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Israel and Gaza militants exchange fire after deadly strikes

GAZA CITY, Gaza Strip (AP) — The latest confrontation between Israel and Gaza militants is in its second day, as Israeli jets hit targets in Gaza and rocket fire persists into southern Israel. At least 12 people have been killed in Gaza, including a senior militant leader and 5-year-old girl, Palestinian officials say. The fighting began with Israel’s targeted killing of the militant — a senior commander of the Palestinian Islamic Jihad — on Friday. Gaza’s Hamas rulers so far appear to be staying on the sidelines, keeping the conflict’s intensity somewhat contained, for now. Israel and militant Hamas have fought four wars and several smaller battles over the last 15 years.

EXPLAINER: What is driving the current Israel-Gaza violence

TEL AVIV, Israel (AP) — Israel and Palestinian militants in the Gaza Strip are exchanging fire in the worst bout of cross-border violence since an 11-day war between Israel and Hamas last year. Israeli airstrikes killed 11 people, including a senior commander from the Palestinian Islamic Jihad, an Iran-backed militant group, in a targeted strike. That came following the arrest this week of another senior Islamic Jihad leader in the West Bank in what’s been a monthslong Israeli operation to round up Palestinians suspected of attacks. Militants have fired dozens of rockets at Israeli cities and towns.

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Ukraine grain shipments offer hope, not fix to food crisis

BEIRUT (AP) — A ship bringing corn to Lebanon is offering hope after becoming the first to depart a Ukrainian Black Sea port since Russia invaded. The war has threatened food supplies in countries like Lebanon, which has the world’s highest rate of food inflation and depends on the Black Sea region for nearly all of its wheat. The shipment is a key first step to get food trapped in Ukraine to Africa, the Middle East and parts of Asia where people are going hungry. But the small scale means the initial shipments won’t draw down food prices or ease a global food crisis soon. Experts also say most of the trapped grain is for animal feed, not for people to eat.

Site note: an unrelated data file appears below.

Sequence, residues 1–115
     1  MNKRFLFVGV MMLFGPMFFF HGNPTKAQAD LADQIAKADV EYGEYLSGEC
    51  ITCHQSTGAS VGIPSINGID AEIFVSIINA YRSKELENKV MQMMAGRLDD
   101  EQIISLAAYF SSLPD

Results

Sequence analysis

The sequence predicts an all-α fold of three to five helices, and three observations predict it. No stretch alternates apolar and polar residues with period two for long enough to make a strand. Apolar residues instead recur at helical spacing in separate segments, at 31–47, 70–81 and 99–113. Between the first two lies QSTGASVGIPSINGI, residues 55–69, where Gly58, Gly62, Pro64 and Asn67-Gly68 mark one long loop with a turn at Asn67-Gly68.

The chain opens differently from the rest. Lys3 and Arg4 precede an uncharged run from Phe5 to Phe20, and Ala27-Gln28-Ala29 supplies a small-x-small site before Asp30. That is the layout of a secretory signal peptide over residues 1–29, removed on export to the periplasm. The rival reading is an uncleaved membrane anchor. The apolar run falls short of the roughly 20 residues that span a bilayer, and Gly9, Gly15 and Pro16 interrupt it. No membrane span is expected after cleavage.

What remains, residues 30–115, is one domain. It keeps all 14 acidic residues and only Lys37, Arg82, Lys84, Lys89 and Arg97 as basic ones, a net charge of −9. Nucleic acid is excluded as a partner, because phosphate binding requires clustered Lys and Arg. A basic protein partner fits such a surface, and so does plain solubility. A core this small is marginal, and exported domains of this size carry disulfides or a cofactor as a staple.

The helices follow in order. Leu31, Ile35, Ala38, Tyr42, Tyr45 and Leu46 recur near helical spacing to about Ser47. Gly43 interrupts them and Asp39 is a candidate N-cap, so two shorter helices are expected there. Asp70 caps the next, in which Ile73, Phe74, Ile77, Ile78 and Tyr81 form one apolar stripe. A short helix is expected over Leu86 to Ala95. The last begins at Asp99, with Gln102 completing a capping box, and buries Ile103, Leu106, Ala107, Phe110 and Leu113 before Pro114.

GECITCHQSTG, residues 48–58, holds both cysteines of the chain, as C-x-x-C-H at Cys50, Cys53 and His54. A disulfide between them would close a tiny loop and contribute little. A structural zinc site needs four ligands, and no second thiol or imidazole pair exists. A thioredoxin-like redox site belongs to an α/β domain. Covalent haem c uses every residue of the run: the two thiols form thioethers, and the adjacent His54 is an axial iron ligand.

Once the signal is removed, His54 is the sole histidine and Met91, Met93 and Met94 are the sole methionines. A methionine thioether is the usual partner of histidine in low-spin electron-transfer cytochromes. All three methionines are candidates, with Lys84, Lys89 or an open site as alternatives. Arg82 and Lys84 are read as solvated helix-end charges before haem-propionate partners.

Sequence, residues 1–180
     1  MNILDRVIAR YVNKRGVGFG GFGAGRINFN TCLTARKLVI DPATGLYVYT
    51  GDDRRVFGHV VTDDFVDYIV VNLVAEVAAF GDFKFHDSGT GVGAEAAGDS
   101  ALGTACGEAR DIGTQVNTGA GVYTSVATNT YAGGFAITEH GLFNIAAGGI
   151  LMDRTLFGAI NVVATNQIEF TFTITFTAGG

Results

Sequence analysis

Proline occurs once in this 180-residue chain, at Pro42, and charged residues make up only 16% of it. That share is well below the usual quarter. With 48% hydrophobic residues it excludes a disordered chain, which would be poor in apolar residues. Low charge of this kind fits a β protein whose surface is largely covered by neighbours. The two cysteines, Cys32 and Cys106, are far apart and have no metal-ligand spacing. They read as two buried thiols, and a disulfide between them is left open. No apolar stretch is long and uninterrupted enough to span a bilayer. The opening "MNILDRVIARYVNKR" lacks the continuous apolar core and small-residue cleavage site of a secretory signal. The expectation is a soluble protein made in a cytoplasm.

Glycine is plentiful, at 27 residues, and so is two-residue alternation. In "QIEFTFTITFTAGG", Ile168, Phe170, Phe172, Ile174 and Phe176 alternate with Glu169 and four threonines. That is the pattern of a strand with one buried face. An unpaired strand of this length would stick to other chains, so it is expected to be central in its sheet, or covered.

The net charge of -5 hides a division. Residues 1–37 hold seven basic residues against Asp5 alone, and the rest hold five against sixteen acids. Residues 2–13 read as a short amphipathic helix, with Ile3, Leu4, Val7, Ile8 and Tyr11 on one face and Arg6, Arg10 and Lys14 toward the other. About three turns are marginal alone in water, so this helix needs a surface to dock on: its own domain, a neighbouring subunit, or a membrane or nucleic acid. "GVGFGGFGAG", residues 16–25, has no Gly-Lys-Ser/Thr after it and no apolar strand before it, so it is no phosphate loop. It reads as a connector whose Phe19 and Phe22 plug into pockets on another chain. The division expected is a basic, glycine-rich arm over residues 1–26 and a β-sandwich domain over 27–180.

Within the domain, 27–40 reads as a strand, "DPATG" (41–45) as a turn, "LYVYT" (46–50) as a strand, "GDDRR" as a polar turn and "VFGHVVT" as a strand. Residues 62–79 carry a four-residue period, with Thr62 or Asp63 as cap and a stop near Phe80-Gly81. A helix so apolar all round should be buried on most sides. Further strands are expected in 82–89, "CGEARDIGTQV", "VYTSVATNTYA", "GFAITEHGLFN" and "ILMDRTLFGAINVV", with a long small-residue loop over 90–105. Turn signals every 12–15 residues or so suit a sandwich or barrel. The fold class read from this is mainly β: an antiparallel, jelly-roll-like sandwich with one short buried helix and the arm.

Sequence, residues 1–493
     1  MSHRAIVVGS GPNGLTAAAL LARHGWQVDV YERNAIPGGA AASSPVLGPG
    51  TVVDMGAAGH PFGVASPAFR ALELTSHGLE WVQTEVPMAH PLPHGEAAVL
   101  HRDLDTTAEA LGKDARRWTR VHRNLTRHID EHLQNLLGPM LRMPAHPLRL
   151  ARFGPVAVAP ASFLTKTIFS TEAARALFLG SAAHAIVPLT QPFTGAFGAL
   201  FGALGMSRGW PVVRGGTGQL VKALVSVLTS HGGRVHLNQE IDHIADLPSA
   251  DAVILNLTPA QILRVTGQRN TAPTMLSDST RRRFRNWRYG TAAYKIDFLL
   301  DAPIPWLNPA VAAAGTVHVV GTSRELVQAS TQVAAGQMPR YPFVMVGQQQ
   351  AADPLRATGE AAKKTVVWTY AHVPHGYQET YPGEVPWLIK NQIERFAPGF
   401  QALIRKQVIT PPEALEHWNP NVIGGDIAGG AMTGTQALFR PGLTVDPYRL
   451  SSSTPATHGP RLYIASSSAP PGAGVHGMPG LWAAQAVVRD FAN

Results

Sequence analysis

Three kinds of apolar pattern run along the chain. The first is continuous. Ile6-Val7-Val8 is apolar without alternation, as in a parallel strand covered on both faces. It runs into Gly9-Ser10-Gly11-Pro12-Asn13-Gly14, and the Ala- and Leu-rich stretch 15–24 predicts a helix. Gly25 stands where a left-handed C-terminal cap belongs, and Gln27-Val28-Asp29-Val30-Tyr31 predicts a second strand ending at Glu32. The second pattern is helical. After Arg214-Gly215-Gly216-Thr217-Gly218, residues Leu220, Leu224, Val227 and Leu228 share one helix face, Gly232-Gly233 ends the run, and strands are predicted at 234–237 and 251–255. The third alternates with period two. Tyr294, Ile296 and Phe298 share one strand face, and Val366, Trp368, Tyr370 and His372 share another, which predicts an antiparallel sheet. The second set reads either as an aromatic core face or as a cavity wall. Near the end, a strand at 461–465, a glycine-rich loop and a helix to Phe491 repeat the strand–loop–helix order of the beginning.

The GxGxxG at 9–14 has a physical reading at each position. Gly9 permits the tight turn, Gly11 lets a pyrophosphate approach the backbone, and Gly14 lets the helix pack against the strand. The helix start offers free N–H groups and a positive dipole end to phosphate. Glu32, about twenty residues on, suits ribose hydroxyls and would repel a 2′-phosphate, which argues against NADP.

EXPLAINER: On China, US and climate, action, not talk is key

China has cut off climate talks with the U.S. — imperiling future global climate negotiations, but not necessarily blunting the impacts of significant climate actions at home in both countries. The move from China’s Ministry of Foreign Affairs came Friday in response to U.S. House Speaker Nancy Pelosi’s trip to Taiwan, along with cancellations in strategic and military talks. The move came less than three months before the next key international climate summit in November. Meanwhile, the U.S. is poised to pass its most ambitious ever clean-energy legislation later this year. Experts say that could influence China’s future climate actions more than any negotiations.

Indiana becomes 1st state to approve abortion ban post Roe

INDIANAPOLIS (AP) — Indiana has become the first state in the nation to pass new legislation restricting access to abortions since the U.S. Supreme Court’s ruling in June that overturned Roe v. Wade. Indiana lawmakers on Friday approved the near-total abortion ban with some exceptions, including in cases of rape, incest, and to protect the life and physical health of the mother. Republican Gov. Eric Holcomb immediately signed the bill. Indiana was among the first Republican-run state legislatures to debate tighter abortion laws after the Supreme Court ruling that removed constitutional protections for the procedure.

‘Community Lighthouses’ powered by the sun and volunteers